Coming up with a testing strategy doesn’t have to be stressful. Prioritizing features to test, and generating test cases for each feature can be fairly quick and painless. This episode covers a strategy for both that can be applied to many types of software.

Transcript for episode 150 of the Test & Code Podcast

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00:00:00 Today I want to talk about a general software testing strategy that works for like 80% of the cases I’ve encountered. I’m hoping this quick episode will save you time and get you developing test cases quickly.

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00:01:21 Welcome to Testing Code.

00:01:32 People often stress out when they are either asked to write tests or even just on their own. They figure that they ought to. And unit tests are a different thing. And I don’t even want to touch that snake nest right now. I’m talking about feature tests or functionality tests.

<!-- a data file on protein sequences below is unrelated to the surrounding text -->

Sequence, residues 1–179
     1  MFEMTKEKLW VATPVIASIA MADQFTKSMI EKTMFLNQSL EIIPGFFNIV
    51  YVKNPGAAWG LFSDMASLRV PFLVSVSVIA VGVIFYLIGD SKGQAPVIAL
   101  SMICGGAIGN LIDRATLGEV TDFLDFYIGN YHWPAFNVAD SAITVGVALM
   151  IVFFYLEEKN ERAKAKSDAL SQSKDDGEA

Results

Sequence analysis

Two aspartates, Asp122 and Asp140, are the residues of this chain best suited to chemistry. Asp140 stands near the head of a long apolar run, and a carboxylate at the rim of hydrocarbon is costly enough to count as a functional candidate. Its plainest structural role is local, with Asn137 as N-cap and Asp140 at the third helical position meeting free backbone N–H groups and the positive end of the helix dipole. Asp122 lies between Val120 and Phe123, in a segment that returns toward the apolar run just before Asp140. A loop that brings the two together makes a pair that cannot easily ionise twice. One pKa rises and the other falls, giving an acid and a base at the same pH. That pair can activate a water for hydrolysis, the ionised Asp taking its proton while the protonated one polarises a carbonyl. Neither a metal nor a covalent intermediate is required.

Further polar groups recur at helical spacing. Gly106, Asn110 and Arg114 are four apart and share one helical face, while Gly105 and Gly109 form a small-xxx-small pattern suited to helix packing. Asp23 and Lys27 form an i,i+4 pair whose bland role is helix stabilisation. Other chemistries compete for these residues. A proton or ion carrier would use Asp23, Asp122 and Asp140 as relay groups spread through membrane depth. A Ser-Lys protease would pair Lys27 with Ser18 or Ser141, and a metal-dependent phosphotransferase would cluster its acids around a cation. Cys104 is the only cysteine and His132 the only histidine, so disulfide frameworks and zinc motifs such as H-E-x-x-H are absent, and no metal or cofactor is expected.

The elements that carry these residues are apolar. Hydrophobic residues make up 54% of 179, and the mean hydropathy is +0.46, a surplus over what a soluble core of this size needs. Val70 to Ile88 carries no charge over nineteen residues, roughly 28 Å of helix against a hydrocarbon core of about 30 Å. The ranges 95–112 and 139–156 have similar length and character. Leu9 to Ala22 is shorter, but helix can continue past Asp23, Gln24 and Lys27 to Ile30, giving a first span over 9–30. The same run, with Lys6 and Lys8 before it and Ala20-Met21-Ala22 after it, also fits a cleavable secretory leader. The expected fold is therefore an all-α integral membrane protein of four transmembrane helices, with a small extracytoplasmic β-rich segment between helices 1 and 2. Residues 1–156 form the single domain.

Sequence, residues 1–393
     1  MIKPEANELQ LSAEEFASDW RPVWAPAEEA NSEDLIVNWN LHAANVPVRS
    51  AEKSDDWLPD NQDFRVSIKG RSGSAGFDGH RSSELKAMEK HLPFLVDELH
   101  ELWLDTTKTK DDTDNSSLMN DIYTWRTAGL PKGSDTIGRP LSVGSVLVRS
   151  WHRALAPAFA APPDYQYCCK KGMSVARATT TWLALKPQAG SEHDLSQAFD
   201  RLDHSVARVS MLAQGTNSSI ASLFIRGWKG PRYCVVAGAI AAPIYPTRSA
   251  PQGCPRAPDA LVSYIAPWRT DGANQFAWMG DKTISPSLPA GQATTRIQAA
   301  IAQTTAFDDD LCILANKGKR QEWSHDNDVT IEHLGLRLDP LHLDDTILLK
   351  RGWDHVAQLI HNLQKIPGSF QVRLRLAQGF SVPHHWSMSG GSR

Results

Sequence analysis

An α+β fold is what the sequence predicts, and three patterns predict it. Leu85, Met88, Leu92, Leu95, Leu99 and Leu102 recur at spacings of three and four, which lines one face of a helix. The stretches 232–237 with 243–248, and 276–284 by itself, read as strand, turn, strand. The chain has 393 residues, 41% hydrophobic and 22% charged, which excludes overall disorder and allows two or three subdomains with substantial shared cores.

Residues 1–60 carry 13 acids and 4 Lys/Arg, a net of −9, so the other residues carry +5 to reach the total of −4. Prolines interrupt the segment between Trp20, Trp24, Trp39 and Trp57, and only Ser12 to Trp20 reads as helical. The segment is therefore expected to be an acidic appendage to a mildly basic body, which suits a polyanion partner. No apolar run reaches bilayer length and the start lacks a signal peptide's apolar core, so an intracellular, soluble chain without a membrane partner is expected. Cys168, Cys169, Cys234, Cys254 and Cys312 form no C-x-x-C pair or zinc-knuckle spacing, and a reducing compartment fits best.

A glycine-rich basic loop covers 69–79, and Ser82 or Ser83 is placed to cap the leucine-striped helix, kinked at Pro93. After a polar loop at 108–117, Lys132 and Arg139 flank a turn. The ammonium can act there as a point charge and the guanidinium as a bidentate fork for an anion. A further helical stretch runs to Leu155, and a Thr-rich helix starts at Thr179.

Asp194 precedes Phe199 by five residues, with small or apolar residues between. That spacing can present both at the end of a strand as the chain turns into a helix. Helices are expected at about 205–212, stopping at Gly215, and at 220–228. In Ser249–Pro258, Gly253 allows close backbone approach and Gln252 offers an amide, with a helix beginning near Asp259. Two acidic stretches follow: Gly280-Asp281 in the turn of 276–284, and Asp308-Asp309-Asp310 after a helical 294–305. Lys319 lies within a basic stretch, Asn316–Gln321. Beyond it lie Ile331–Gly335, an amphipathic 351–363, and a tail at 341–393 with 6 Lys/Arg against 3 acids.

00:01:48 Not only does this function do the thing, I think it’s supposed to do unit tests, but I’m talking about does the system work in the way it’s supposed to type of tests. These are the tests that everyone wants to have written and solid and working for all the software they use, but they don’t want to write them themselves for their own software. And I think it’s just because they don’t have an idea for the strategy for how to do it. So that’s the strategy we’re going to talk about today. Also, really, the strategies we’re going to talk to will should work for fine grain unit tests as well, or they may. Anyway, let’s jump in. There are two stages to this that I’m going to discuss. First, deciding which features or bits of functionality to test. Second, for each of those which test cases to implement, that’s it. So which features should you test? And don’t say test all the things, because that really doesn’t help with prioritization. If you’ve got time and the payoff is valuable, go for it. Test all the things, but you still have to decide on an order. So which features? I generally prioritize features to test based on the following factors. First, recent new features new areas of code new functionality that has been recently repaired or refactored or otherwise modified core your product’s unique selling propositions the essential functions that must continue to work in order for your product to be useful. Three risk areas of the application that pose more risk such as areas important to customers but not regularly used by development teams or parts that use third party code that you don’t quite trust. Fourth, problematic areas, functionality that frequently breaks or often gets defect reports against it. And fifth, expertise features are algorithms understood by a limited subset of people. So again, that was recent core risk problematic. And expertise, they’re not really in order themselves.